Ugly Canadians at sporting events becoming too common?

What follows is an edited version of a letter to the sports editor I spotted in the Montreal Gazette written by Hall of Fame defenseman Brad Park. Emphasis mine.

"I attended the Bruins/Canadiens game here in Boston on Nov. 8...but something bothered me as a Canada. Sitting down in front of me were a number of Montreal fans. It was easy to identify them as they were wearing their bleu, blanc and rouge with great pride. During the Canadian national anthem, the Montreal fans sang loudly and with great pride...When the Canadian anthem was finished, everyone in the building cheered...What came next blew my mind. When the American anthem started, maybe a half dozen of the Canadian contingent sat down and would not rise during the singing of the American anthem. To me, this is unbelievable! Over the years, the world has become aware of the phrase "The Ugly American." We in Canada have always thought of ourselves above this level of contempt. Is this the new Canada, one that I cannot understand?" Is it the new low that we degrade ourselves at a sporting event to protest our culture when we guest abroad? One simple act can reflect on many. If one wants to protest, do it in the proper place. Hockey games and sporting events are not platforms...If we continue to think of ourselves as true Canadians, showing respect is a must!"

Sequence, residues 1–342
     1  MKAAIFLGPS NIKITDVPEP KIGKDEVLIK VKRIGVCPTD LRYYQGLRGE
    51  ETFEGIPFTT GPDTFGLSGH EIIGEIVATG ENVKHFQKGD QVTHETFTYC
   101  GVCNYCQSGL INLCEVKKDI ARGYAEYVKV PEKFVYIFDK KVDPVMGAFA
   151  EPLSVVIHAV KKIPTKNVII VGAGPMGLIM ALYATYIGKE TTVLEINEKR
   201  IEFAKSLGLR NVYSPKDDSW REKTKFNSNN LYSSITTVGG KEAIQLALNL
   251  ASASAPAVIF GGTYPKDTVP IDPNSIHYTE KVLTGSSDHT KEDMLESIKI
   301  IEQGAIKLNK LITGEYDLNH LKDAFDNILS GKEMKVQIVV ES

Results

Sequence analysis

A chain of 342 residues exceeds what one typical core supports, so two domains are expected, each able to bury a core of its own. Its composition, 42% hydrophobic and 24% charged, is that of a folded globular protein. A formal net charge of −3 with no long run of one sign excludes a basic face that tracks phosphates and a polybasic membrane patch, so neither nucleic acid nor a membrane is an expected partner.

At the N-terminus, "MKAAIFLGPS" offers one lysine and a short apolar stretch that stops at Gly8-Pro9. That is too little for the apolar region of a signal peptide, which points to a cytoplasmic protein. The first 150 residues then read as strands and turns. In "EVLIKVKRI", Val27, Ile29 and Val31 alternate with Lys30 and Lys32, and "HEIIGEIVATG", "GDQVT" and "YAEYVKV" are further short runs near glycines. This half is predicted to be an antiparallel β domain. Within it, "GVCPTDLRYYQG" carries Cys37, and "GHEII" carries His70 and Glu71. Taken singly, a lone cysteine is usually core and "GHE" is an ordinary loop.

First of all, credit must go to Brad Park - a Canadian who now lives in the U.S. - for stepping up and speaking out. Of course, he is correct. I know I've witnessed not only what he describes here but the booing of an anthem (Canadian or American) as well. What's amazing is that these fans decided to do this in Boston.

Is this an exercise in freedom or arrogance?

The hard truth, as I have mentioned before on this blog, is that even abroad we're beginning to see the rise of the "Ugly Canadian."

Brad Park, a five time First Team All-Star and twice Second team, was among the the greatest defensemen in the 1970s. Only Bobby Orr surpassed him with eight First Team selections and one Second Team for a total of nine.*

"Please rise for the singing of the Canadian and American anthems" is a common protocol now. Anthems are no longer perceived as political tools. Sure we can find all sorts of excuse such as we shouldn't sing anthems at sporting events but until that happens stand up and show respect.

*Denis Potvin was also named to seven all-star selections; five of those on the First team. Yes, same as Brad Park. Unfortunately, while Potvin managed to win three Norris trophies for top defenseman (twice runner-up,) Park had the misfortune of finishing second on the ballot no fewer than six times - twice to Potvin and four times to Orr.

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